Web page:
By Josie Gardiner
There are a myriad of reasons to go and see Shame: the brilliance of director Steve McQueen’s last film, ‘Hunger’, Michael Fassbender’s bottom, a double Bafta nomination and a series of glowing reviews. Which isn’t to say that it’s entirely possible that, like me, you won’t enjoy it much.
‘Shame’ follows the life of Brandon (Michael Fassbender), a successful New York businessman with a swanky apartment and a sex addiction. His home life consists of prostitutes and pornography, his work life of masturbation in the office toilets, and even his commute is an opportunity to silently seduce women on the subway. When his depressive younger sister Sissy (Carey Mulligan) arrives at his apartment, uninvited, and asks to stay, Brandon acquires an unwanted witness to his lifestyle and his obvious misery. Her presence rattles the very hollow cage in which we’ve seen him live, and drives him to the point of breakdown.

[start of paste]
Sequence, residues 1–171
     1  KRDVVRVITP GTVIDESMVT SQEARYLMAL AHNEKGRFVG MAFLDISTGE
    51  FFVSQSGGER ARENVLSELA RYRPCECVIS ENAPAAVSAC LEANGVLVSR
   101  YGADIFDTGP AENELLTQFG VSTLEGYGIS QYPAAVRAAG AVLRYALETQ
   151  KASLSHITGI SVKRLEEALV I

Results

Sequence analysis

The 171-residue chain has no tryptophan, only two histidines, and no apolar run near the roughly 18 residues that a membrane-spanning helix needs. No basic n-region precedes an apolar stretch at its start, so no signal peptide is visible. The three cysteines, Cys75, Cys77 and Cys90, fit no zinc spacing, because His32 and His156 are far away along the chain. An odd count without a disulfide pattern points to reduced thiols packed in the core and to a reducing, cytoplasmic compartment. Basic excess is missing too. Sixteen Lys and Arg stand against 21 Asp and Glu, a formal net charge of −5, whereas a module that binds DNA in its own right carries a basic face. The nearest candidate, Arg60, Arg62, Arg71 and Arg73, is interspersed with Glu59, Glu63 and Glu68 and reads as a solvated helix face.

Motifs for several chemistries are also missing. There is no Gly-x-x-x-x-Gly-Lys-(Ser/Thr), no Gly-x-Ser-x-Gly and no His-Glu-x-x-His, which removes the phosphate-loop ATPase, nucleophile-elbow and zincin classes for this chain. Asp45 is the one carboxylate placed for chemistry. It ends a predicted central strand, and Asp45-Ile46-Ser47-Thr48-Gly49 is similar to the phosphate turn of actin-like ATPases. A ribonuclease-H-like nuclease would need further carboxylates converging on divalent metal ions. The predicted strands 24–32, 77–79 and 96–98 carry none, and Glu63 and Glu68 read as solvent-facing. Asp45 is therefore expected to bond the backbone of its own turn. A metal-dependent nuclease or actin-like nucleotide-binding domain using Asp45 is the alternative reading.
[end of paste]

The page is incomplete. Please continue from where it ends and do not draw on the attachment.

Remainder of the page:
Intriguing as the premise is, the film is strangely remote. This is family dysfunction without explanation or resolution. We are never given the back-story to help us understand, or even like, either character. The film doesn’t encourage you to judge Brandon, but nor does it let you feel any sympathy for him. It’s an interesting idea, beautifully acted and shot, but somehow underdeveloped: rather than leaving me food for thought, instead it left me a little numb.
Shame is currently showing at The Ritzy